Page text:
Hipster ain’t so hip after all…at least according to the plaintiffs who have filed an in Internet privacy class action lawsuit against the photo-sharing App. The Hipster lawsuit alleges the company illegally obtained iPhone users’ personal information and contact lists without their permission.
The internet privacy lawsuit, entitled Francisco Espitia v. Hipster Inc., Case No. 13-cv-00432 in the U.S. District Court for the Northern District of California, alleges that a function of the Hipster App found and retrieved subscribers’ personal contacts and other highly sensitive information, including passwords and geo-location, and then transferred the data over unencrypted, publicly accessible data channels to Hipster’s third-party servers. (Maybe they should rename the App “Fetch”).
Specifically, the lawsuit states: “These actions involved the deliberate and intentional circumvention of technical measures within the mobile computing device in order to bypass the technical and code based barriers, including the plaintiffs’ and class members’ privacy settings which were intended to limit access by anyone other than the owner of the device.” Having transferred the users’ contact address data to its remote computing service, Hipster then allegedly proceeded to access and use such data without authorization or consent, according to the lawsuit.
The laundry list? Violations of the Electronic Communications Privacy Act, the Stored Communications Act, the California Computer Crime Law, and the California Invasion of Privacy Act, among other things.
The Hipster lawsuit seeks to represent all US residents that downloaded the Hipster App to their mobile phones from January 1, 2011 to the present.
Yo Dude! You may be eligible to share in the YoPlus $8.5 million settlement agreed this week by General Mills. If approved, the settlement would end a consumer fraud class action lawsuit alleging the food manufacturer misrepresented the digestive health benefits of its YoPlus probiotic yogurt. Well, they certainly wouldn’t be the first, and likely, they won’t be the last.
Filed in 2010, the consumer fraud class action lawsuit, entitled J Johnson v. General Mills Inc. et al., Case No. 10-cv-00061, U.S. District Court for the Central District of California, claims that consumers who purchased the YoPlus yogurt products were deceived into paying more for them as a result of General Mills misleading advertising.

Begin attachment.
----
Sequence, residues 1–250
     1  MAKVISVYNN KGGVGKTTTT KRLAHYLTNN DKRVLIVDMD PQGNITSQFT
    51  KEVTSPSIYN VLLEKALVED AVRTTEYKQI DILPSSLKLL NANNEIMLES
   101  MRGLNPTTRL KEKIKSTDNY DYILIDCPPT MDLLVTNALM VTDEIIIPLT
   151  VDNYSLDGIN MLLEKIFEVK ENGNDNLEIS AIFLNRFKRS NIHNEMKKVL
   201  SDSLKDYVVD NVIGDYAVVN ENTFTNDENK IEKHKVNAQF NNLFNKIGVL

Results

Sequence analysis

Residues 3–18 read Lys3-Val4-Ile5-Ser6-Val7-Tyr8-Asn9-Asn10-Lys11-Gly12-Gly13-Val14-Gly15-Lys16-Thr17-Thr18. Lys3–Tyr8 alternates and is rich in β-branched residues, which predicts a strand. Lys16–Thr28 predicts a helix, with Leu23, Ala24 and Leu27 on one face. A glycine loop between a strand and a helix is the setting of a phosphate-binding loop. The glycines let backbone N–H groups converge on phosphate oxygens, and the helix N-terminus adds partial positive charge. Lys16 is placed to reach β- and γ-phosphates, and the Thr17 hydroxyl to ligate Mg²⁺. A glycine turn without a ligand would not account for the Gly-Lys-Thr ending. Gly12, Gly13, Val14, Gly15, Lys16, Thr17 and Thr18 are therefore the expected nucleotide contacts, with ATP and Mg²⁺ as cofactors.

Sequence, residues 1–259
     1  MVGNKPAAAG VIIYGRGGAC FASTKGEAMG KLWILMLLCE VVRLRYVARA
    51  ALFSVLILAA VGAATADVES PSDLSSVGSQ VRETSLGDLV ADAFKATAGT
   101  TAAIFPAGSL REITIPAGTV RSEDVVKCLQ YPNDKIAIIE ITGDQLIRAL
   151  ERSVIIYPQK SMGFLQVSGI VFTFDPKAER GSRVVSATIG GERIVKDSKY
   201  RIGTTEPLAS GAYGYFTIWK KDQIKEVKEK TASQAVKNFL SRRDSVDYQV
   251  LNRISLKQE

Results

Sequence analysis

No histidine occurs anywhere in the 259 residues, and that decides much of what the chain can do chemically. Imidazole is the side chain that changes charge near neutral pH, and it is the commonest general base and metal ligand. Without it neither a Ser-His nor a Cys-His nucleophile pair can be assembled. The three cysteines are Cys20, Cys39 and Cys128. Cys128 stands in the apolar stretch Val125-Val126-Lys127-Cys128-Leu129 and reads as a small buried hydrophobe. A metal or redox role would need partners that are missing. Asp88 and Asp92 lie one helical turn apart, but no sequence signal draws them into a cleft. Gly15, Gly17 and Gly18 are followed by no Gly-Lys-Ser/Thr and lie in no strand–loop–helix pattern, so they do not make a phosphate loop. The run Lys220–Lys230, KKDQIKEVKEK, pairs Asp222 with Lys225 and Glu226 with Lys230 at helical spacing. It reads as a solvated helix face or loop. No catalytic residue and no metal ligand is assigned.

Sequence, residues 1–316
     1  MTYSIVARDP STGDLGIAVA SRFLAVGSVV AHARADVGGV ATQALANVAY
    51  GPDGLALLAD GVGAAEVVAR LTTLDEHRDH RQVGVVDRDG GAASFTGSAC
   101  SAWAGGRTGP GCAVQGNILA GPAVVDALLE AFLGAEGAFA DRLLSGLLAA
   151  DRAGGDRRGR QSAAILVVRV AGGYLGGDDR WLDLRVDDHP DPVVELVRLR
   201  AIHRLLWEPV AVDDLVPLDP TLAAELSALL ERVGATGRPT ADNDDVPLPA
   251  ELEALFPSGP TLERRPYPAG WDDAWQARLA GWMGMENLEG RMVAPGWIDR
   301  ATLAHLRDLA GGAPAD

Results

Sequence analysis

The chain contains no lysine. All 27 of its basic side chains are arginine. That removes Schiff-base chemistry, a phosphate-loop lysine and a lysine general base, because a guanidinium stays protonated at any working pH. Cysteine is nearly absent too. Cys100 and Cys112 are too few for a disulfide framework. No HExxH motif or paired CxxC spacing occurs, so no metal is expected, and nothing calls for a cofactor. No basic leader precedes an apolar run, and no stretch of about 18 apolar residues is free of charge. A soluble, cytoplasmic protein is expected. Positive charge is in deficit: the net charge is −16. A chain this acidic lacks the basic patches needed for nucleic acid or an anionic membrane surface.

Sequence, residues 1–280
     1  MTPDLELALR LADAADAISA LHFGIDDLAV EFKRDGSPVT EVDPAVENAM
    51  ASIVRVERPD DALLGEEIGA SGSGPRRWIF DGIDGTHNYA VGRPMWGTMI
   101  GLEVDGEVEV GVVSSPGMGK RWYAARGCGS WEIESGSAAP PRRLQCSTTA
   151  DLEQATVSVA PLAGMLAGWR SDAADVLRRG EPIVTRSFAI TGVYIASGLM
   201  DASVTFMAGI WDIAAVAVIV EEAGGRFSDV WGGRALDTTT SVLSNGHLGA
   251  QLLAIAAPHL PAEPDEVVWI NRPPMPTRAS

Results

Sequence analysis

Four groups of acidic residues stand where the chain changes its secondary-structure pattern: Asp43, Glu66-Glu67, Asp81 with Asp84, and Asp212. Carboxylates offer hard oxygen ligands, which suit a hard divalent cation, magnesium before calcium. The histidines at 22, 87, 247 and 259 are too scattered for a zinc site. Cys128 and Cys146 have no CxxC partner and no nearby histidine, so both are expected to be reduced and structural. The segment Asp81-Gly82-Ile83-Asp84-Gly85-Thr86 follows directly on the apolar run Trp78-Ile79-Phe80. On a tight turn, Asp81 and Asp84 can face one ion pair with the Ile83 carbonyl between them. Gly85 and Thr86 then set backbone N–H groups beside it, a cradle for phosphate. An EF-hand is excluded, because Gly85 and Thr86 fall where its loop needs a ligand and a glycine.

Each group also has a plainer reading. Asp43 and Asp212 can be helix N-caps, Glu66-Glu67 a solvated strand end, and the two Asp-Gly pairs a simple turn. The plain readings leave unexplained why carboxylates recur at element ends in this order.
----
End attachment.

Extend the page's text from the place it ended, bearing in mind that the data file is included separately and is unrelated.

In their motion to accept the settlement, the plaintiffs noted “Considering the strengths and weakness of this case, including the amount of potential damages available to the class after trial here and in other jurisdictions around the United States, the settlement represents an excellent result and includes relief for purchasers of YoPlus on a nationwide basis.”
Under the terms of the settlement, consumers who purchased YoPlus will be entitled to $4 per person for each unit they purchased. Not bad, really.
Putting on the Ritz? Em, maybe not. More like this one’s on the Ritz…The Ritz-Carlton that is. This week, the famous hotel chain agreed to pay $2 million in settlement of the Ritz-Carlton overtime class action lawsuit filed by 1,500 (yup—that’s the right number of zeros) current and former employees in California who allege they were not paid overtime wages.
Bottom line—eligible plaintiffs in the California overtime employment class action are for those who either work or worked at Ritz-Carlton hotels in San Francisco, Half Moon Bay and Lake Tahoe at any time from November 2007 on.
And just in case you need the details—the settlement, when approved, will resolve Lambson v. Marriott International, Inc. et al, Case No. 11-cv-06669, U.S. District Court for the Northern District of California, and allegations the Ritz Carlton, a subsidiary of Marriott International, violated California state wage and hour laws.
So—see you at the bar—who’s buying?